Pairing contemporary art with historical artifacts, “A Declaration of Immigration” illustrates the unique voice of the Mexican immigrant experience in America. Situated in Pilsen, an enclave of the Mexican-American, or Chicano, population in Chicago, the National Museum of Mexican Art is well positioned to strengthen its community, as well as to educate the uninformed beyond simple assumptions or stereotypes about immigrants. Immigrants carry with them their culture, and the product of border-crossing is the mixing of culture. How does one define the Mexican-American experience? Dulce Pinzon’s photographs of superheroes performing daily tasks, such as Spiderman washing windows on a skyscraper, Wonderwoman at the laundromat and Catwoman tending to her kids, are ironic reversals that teach an empowering lesson—sometimes it takes superhuman strength to get through the tasks of a day. Mario Ybarra, Jr.’s Aztec temple-inspired vitrine houses the ubiquitous calling card with imagery marketed to Mexican-Americans. Removed from their context at the newsstand, San Juan Diego and dancing jalapeno peppers signal the easy commodification of culture. Carmela Valdiva’s commemorative quilts of border crossing are masterful statements from the home-front, and Yolanda Lopez’s brash 1968 poster “Who’s the illegal alien, pilgrim?” is a slice of the historical, public face of retaliation. Only works such as passport applications folded into paper-airplanes and lodged in a metal cage, or Anni Holm’s portraits composed of fingerprints, beat the message to a pulp. Perhaps the time for subtlety has passed. (Jason Foumberg)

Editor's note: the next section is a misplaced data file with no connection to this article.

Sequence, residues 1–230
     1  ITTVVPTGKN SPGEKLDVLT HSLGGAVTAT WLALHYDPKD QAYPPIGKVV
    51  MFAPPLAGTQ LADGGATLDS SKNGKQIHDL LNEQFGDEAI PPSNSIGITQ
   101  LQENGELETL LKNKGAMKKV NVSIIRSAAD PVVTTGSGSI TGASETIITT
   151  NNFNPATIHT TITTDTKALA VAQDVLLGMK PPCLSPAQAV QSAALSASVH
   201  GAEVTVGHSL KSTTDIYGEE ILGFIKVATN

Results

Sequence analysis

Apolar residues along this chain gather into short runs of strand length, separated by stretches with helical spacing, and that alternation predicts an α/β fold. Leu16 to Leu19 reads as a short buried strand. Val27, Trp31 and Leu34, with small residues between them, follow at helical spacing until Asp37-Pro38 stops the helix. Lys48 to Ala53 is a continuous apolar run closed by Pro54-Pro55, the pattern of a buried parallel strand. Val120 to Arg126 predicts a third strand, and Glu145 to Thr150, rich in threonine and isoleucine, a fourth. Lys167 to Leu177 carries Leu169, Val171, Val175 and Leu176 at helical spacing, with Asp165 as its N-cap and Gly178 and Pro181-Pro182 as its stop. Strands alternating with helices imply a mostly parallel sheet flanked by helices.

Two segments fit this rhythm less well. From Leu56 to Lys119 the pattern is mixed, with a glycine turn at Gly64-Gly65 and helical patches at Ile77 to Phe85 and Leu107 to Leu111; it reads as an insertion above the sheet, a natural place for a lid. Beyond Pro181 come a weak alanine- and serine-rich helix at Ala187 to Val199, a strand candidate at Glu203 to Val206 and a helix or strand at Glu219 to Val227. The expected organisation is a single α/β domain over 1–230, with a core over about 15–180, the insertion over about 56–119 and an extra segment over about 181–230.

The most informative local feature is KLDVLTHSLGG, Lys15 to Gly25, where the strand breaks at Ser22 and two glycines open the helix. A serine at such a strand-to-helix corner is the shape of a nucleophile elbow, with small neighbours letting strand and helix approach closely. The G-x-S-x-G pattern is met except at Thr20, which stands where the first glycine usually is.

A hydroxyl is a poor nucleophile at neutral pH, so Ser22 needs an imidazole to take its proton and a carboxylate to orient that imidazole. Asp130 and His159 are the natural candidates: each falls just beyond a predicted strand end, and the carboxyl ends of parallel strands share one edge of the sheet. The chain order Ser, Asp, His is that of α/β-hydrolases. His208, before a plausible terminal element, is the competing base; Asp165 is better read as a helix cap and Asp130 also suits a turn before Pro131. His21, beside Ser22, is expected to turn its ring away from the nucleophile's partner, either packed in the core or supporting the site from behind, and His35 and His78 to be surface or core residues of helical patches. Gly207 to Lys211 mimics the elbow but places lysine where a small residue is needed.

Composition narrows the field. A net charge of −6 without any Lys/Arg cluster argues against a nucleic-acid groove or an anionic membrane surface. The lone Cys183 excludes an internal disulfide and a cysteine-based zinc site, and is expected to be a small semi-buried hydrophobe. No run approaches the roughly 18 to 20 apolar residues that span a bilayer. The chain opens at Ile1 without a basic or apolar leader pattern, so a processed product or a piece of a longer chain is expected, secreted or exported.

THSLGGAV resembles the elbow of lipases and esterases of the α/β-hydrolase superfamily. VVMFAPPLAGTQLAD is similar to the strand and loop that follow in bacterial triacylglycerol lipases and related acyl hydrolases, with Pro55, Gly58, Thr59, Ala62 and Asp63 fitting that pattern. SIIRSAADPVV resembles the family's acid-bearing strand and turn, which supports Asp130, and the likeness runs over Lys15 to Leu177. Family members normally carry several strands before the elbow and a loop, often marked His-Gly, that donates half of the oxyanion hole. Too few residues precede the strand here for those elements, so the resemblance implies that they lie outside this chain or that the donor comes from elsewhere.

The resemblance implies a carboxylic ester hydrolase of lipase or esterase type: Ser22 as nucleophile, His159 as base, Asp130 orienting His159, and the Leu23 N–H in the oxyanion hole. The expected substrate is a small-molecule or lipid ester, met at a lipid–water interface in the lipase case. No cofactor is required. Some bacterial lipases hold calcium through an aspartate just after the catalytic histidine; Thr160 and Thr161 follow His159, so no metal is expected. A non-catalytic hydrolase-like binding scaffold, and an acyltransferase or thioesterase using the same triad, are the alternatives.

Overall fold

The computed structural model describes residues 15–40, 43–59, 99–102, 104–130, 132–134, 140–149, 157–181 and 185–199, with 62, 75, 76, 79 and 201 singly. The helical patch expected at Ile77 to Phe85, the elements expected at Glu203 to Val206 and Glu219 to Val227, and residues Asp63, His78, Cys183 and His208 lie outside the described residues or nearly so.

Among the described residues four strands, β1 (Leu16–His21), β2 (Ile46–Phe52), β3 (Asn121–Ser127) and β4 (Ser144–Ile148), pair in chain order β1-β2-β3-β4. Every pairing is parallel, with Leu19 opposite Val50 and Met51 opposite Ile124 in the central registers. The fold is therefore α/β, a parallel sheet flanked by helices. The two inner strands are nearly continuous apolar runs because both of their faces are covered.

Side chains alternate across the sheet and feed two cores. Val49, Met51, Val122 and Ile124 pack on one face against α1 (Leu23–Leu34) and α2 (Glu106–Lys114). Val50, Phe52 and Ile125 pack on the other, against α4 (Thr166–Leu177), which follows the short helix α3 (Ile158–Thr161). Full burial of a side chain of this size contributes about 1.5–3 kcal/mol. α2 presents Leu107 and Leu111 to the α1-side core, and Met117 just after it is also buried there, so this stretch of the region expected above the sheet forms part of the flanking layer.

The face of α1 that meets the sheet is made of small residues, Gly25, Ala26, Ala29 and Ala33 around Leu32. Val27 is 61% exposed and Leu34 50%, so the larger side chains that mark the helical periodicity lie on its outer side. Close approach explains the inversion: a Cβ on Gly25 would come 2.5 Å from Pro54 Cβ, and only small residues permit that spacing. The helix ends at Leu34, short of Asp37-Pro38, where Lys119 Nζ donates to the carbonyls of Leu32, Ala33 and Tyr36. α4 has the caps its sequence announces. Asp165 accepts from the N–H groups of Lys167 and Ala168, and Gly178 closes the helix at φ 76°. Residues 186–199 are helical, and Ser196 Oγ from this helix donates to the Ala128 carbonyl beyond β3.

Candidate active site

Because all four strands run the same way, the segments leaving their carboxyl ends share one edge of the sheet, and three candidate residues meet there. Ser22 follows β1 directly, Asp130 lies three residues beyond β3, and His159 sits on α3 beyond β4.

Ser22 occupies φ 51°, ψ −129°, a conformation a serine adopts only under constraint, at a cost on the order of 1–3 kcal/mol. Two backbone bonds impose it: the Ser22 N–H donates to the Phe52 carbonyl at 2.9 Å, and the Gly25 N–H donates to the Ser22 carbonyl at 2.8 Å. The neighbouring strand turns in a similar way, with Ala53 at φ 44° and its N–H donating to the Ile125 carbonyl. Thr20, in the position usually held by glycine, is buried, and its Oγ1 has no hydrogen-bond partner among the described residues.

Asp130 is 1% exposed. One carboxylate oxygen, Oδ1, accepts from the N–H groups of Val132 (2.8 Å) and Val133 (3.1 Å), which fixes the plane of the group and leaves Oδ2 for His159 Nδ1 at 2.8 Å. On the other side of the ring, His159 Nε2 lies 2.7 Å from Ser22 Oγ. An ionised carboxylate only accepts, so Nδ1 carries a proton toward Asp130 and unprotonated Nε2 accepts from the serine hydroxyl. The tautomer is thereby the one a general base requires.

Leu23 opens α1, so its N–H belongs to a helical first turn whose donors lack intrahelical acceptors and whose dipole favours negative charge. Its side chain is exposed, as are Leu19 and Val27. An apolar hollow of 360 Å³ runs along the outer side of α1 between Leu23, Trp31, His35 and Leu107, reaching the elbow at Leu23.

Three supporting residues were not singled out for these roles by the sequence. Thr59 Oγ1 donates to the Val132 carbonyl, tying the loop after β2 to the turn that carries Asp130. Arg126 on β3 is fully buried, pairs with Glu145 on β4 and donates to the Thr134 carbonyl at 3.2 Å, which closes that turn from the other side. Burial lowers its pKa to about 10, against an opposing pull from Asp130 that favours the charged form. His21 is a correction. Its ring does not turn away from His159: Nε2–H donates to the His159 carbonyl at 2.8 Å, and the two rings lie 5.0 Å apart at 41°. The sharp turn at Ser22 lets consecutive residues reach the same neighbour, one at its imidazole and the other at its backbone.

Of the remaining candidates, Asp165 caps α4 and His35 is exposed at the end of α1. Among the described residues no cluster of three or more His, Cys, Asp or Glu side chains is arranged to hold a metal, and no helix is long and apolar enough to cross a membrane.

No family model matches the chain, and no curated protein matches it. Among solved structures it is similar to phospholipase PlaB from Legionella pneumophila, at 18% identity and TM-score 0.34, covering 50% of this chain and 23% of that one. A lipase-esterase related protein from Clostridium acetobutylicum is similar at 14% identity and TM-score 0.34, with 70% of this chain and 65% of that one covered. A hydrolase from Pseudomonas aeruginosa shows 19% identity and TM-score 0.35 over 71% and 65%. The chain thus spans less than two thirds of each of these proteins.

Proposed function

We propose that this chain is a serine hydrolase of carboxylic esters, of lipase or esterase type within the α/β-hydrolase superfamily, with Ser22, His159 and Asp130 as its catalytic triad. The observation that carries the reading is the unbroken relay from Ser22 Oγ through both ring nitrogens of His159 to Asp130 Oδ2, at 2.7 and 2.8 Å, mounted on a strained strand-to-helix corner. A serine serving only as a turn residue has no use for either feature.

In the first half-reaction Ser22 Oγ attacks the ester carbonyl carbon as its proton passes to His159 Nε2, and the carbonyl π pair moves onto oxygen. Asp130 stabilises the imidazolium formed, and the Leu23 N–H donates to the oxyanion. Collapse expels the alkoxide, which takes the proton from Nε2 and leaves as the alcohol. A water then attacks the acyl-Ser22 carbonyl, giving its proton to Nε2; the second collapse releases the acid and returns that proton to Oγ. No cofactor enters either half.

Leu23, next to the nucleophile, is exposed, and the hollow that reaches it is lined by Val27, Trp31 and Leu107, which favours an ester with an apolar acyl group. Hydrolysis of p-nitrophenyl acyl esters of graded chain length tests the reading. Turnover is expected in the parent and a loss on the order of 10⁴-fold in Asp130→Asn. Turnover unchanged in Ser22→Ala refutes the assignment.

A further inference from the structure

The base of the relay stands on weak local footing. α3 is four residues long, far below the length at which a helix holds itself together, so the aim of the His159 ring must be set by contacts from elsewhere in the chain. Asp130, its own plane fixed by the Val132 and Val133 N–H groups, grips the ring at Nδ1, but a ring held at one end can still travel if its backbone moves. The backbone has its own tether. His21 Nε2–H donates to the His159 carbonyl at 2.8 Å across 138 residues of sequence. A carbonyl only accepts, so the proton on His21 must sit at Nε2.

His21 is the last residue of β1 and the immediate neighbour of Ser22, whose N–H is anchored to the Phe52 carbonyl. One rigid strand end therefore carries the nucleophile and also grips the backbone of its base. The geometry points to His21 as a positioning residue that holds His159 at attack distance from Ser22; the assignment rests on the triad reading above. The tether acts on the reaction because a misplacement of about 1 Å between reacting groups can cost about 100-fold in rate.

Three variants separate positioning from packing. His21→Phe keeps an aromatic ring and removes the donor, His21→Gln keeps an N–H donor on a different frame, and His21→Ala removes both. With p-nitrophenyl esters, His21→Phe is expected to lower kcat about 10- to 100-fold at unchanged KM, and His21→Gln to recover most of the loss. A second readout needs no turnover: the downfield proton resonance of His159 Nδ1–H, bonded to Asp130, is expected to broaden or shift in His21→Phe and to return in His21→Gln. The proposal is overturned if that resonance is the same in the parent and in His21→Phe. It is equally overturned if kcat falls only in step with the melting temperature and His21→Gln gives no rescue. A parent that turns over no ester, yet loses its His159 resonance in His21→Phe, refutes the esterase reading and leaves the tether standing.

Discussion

Through September 7 at the National Museum of Mexican Art, 1852 W. 19th St.